Garvagh Forest School is a collaboration of six primary schools centred around the ‘oxygen catchment area’ of Garvagh Forest – a 600-acre forest in Garvagh town. The project involved 120 young people from different backgrounds (7-9 years old) participating in an experiment in democracy and care in their local forest. This project was about the young people beginning to explore their ‘guardianship’ role with regards the shared space of the Forest and developing ideas around what would make the Forest an even more fun and space place for all, including the birds, animals, plants and trees.
The wider community from the ages of 7 years and up were then invited to vote on which ideas were the most viable to take forward. The ideas with the most votes were awarded money and got to bring their ideas to life.
The young people are part of Forest School for one year, connecting to the Forest for 4 weeks a term with the year’s journey co-designed & delivered with young people, teachers and volunteers. This was a pilot to explore at the end of their year at Forest School what it might look like to give young people greater responsibility in thinking about the Forest space and their actions and behaviours in it as part of the wider eco-system. The time was incredibly short in the lead up to the Voting Event as we received an unexpected gift of money which needed spent relatively quickly. We increased this pot through a 1-week crowdfunding process.
The project began in April with the Voting Event held in June 2019. They key steps from April – June were as follows:
1.Engaging with the principals, teachers and volunteers to give them a crash course in PB and ensure that they have understanding and confidence to explain it to the children.
2.Over May we had 5 sessions with the young people as part of their normal Forest School programme. All the sessions were in the forest with the children in their normal Tree Teams (of 6-8 kids).
-Session 1: Question & Walking Trail through the Forest beginning to explore when, how young people get a chance to make decisions in school around budgets.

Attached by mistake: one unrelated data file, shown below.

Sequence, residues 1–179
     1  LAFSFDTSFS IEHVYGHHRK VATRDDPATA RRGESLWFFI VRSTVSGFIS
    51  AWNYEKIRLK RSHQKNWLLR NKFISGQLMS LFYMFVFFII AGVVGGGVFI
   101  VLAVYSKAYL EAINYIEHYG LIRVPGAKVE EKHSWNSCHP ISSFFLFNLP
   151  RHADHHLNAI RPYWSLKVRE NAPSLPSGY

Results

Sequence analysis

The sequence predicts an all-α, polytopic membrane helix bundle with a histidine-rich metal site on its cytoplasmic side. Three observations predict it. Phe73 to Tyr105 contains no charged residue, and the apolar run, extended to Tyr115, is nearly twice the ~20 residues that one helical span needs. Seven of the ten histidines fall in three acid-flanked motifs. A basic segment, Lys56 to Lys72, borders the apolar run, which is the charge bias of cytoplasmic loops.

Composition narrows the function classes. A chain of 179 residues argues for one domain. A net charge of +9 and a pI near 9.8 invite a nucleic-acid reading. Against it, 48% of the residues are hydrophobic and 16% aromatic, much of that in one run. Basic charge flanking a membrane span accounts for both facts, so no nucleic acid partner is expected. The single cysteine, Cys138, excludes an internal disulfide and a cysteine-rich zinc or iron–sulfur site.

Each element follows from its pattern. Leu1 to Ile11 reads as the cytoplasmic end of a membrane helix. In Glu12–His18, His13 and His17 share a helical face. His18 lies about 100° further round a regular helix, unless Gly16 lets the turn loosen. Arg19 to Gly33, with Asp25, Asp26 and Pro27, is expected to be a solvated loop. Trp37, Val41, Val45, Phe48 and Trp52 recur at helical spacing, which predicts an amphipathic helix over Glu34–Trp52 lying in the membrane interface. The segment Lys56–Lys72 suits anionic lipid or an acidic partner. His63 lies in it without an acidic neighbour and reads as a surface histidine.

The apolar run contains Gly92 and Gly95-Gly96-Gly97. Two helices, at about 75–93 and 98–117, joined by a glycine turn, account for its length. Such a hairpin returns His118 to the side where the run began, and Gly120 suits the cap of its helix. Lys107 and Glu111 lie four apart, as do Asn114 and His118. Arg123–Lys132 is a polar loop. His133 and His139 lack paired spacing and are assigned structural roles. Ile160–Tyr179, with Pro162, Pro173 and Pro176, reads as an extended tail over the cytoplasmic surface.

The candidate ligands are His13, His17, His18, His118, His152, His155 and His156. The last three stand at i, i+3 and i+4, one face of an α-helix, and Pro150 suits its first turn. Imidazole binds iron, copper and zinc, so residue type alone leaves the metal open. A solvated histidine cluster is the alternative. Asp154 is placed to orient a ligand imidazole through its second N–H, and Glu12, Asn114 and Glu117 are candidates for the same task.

-Session 2: Quick explanation of PB using objects: fishing net (to catch and look for ideas); sieve (to begin sorting out the Big Ideas – someone else’s responsibility and the Little Ideas – things we can do something about); Batman and Robin (to represent Big Ideas and Little Ideas); Picture Frame (how we communicate these ideas). These props were used through the process as a reminder of key steps.
-Session 3: Beginning to generate ideas and sorting them into Big Ideas and Little Ideas. For this we used big Tree Posters to hang the ideas on.
-Session 4: Choosing the idea the teams wished to go with by thinking about the criteria of: is the idea possible to deliver for £160; is it safe for people and the forest; do we have the authority to make it happen.
-Session 5 – Preparing for the Voting Day.
The Voting Day was held in June in the Forest. 18 teams were presenting their chosen idea. This was done in a picnic format with each team having a picnic blanket, objects/props to explain their idea and a summary poster. They also had a little ‘snack basket’ to keep them going! The voting was open to all the young people, teachers, volunteers, and parents. Each voter was given a page with the ideas listed and this was stamped once they had visited the team. This was to ensure, as much as possible, that the voters went around all the ideas. Once this was done, voters went to the polling station and were given 5 pasta shells as they had 5 votes to distribute across the project ideas. The polling station was ‘manned’ by 2 police officers and a civil servant from the Department for Communities. Once the voting had closed, there were burgers and hotdogs whilst the counting happened led by a Council officer and her team of counting officers including someone from the Education Authority. The results were announced then and there with big cheques presented donated by the local Credit Union. There were six winning ideas each worth £150. These were: Forest Pirate Ship; Forest Football; a Dog Run; Assault Course; Trim Trail; Play Space in the Dark Wood.